December 10, 2005

My current weekend agenda, er, plan

Hmm. Have just realized that next week includes my rural ladies' club annual family Christmas party and dinner (Tuesday); Laura's Brownies Christmas party, with caroling at the nursing home (Wednesday); the kids' craft evening at the library (Thursday), meant as a "drop and shop" event to encourage economic excess in parents but craftily (ha!) co-opted by me to make sure that the kids can make something for Mommy because Daddy is gifted in everything but the art of buying and making gifts, generally waiting until Christmas Eve morning to swoop the kids off to town for an orgy of unplanned shopping; the homeschool group Christmas party (Friday afternoon); and Laura's and Daniel's holiday piano recital (Friday night). Did I mention that most of these require at least one potluck food item and one something or another for the gift exchange?

With thanks to our Loblaw's supermarket for adding the new President's Choice Natural Apple Juice (the unfiltered variety which is really cider, and reminds me of my beloved Red Cheek brand, with none of those pesky spices, either, thank goodness; do I admit that I waver between joy that my kids enjoy the flavor and dismay that they are guzzling up the good stuff?), which is lovely heated up on the stovetop, I would like to rechannel my energies and contemplate nothing for just a bit this afternoon. Okay, not nothing. Garrison Keillor's Christmas Exiles, which makes me laugh out loud and forget my cares:
It has been a quiet week in Lake Wobegon. Christmas. The exiles were home. It was pretty quiet, though you could hear the gritting of teeth, and there was a moment of poisoned silence at the Clarence Bunsen home that rang like a fire bell. Before the blessing, as they sat around the table and admired the work in front of them, a still-life Christmas Dinner by Arlene, before they ate the art, their daughter, Donna, in town from San Diego, said, "What a wonderful Christmas!" and her husband, Rick, said, "Well, if Democrats had their way, it'd be the last one." Silence.

Arlene said that if Rick had his way, the turkeys would be having us. Clarence bowed his head. "Dear Lord, the giver of all good things, we thank Thee." He prayed a long prayer, as a cease-fire. Arlene smiled at Rick: "Have some mashed potatoes." "Thank you, Mom." She winced. He is her son-in-law and she doesn't know why. He is not raising her grandchildren right, he comes to Minnesota and talks too much about the advantages of southern California, he wears silly clothes, he makes fun of Norwegians, he makes fun of women including his own wife, and he says "agenda" in place of "plan" -- "Did you have a different agenda?" he says. "Let's get our agenda straight." "I sense a hidden agenda here."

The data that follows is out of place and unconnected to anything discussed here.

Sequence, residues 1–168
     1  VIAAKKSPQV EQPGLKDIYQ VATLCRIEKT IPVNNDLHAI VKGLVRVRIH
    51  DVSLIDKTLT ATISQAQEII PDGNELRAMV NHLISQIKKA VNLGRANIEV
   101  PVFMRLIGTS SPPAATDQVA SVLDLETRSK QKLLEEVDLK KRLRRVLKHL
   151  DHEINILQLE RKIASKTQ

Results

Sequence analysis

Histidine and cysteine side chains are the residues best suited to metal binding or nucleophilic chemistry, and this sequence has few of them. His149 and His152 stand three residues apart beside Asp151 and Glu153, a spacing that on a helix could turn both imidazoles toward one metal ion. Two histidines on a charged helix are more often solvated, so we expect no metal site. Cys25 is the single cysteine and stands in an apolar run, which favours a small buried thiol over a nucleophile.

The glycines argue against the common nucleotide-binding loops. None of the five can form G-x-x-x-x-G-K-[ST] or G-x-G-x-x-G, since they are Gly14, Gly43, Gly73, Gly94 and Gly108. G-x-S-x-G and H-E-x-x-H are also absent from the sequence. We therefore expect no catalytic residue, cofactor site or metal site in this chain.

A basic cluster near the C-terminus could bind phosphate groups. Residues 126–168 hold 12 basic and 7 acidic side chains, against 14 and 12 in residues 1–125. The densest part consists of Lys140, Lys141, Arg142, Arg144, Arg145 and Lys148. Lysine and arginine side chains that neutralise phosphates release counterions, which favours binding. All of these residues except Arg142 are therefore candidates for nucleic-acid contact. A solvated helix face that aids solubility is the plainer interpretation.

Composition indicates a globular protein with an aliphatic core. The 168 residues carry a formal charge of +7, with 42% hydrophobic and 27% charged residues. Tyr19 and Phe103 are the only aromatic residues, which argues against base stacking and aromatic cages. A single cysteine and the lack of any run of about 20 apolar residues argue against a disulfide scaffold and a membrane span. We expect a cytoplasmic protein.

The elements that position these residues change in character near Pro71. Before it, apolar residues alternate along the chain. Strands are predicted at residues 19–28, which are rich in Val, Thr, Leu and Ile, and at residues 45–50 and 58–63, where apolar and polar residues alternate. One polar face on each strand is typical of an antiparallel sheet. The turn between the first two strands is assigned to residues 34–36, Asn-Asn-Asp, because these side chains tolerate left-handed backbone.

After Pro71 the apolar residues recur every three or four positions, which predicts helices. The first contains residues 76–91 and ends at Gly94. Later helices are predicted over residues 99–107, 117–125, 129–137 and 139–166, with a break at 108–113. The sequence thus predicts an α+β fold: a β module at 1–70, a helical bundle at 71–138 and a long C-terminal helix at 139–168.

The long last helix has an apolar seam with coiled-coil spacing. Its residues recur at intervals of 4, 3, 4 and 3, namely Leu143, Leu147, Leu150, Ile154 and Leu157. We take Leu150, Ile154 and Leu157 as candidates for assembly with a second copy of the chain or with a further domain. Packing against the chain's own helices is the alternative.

He piled his plate with Christmas agenda and chomped a big bite of it. He said, "Mom, this is the best dinner I ever ate. I really mean that." She smiled her brightest smile, the smile she has used all her life on people she'd like to slap silly. She'd like to give him a piece of her mind, but she can't because he has hostages, her grandchildren. So she kills him with kindness. She stuffs him like a turkey. Fresh caramel rolls for breakfast, a pound of bacon and smoked sausage and scrambled eggs, and two hours later pot roast for lunch and big slabs of banana cream pie. He has gained four pounds since Tuesday. Her goal is twelve. All day he sits dazed by food. "Fudge bars, Rick? I made them just for you. Here, I'll put the plate right beside you, where you can reach them." "Oh Mom..." She's found the crack in his armor, and it's his mouth. His Achilles mouth. Her agenda is stuffing him so he becomes weak and pliable and goes into a calorie coma, and she takes the boy and the girl for walks and tells them about our great presidents, our great Democratic presidents. And did you know they were all Norwegian? Yes, they were, a little bit, on their mother's side, and that little bit was enough to make them great.

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